The paradigm and agenda here are interesting, but haven’t been explained much in this post. The sponsors of the prize seem to want to derive probabilistic number theory from an information theory framework, as a step towards understanding what AI will be able to deduce about mathematics.

Reference 1 says a few interesting things. The “Erdős–Kac theorem” about the number of prime factors in an average large number, is described as “impossible to guess from empirical observations”, since the pattern only starts to show up at around one googol. (The only other source I could find this claim, was a remark on Wikipedia made by an anon from Harvard.)

This is in turn said to be a challenge to the current scientific paradigm, because it is “provably beyond the scope of scientific induction (and hence machine learning)”. Well, maybe the role of induction has been overemphasized for some areas of science. I don’t think general relativity was discovered by induction. But I agree it’s worthwhile to understand what other heuristics besides induction, play a role in successful hypothesis generation.

In the case of Erdős–Kac, I think the proposition is a refinement of simpler theorems which do have empirical motivation from much smaller numbers. So perhaps it arises as a natural generalization (natural if you’re a number theorist) to investigate.

Reference 1 also claims to prove (6.3.1) that “no prime formula may be approximated using Machine Learning”. I think this claim needs more work, because a typical ML system has an upper bound on what it can output anyway (because it has a fixed number of bits to work with), whereas primes are arbitrarily large. So you need to say e.g. something about how the limits to approximation, scale with respect to that upper bound.

The paradigm and agenda here are interesting, but haven’t been explained much in this post. The sponsors of the prize seem to want to derive probabilistic number theory from an information theory framework, as a step towards understanding what AI will be able to deduce about mathematics.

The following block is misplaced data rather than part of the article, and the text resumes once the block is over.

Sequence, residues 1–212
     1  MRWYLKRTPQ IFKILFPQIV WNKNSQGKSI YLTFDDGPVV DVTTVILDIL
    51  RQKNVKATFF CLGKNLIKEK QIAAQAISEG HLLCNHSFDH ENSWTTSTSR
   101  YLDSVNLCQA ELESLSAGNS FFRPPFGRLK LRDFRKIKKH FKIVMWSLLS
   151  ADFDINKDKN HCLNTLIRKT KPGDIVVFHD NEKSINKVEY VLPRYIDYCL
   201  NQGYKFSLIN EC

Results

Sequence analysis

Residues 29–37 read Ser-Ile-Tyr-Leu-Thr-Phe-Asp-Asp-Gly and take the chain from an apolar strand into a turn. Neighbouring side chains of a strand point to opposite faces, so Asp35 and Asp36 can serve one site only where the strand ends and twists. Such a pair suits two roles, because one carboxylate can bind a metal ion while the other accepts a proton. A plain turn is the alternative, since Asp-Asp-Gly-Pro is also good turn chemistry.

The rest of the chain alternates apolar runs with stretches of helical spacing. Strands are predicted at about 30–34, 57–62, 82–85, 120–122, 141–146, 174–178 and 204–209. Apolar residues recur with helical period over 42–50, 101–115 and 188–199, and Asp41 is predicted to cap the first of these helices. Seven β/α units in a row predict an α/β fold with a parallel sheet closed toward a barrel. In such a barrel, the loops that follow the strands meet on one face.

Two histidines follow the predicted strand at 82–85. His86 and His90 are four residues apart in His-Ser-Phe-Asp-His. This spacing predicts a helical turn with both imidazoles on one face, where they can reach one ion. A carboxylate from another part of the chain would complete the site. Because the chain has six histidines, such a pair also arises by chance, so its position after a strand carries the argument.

Reference 1 says a few interesting things. The “Erdős–Kac theorem” about the number of prime factors in an average large number, is described as “impossible to guess from empirical observations”, since the pattern only starts to show up at around one googol. (The only other source I could find this claim, was a remark on Wikipedia made by an anon from Harvard.)

This is in turn said to be a challenge to the current scientific paradigm, because it is “provably beyond the scope of scientific induction (and hence machine learning)”. Well, maybe the role of induction has been overemphasized for some areas of science. I don’t think general relativity was discovered by induction. But I agree it’s worthwhile to understand what other heuristics besides induction, play a role in successful hypothesis generation.

In the case of Erdős–Kac, I think the proposition is a refinement of simpler theorems which do have empirical motivation from much smaller numbers. So perhaps it arises as a natural generalization (natural if you’re a number theorist) to investigate.

Reference 1 also claims to prove (6.3.1) that “no prime formula may be approximated using Machine Learning”. I think this claim needs more work, because a typical ML system has an upper bound on what it can output anyway (because it has a fixed number of bits to work with), whereas primes are arbitrarily large. So you need to say e.g. something about how the limits to approximation, scale with respect to that upper bound.

edit: I meant to link to some related posts: Logical Share Splitting, Logical Probability of Goldbach’s Conjecture.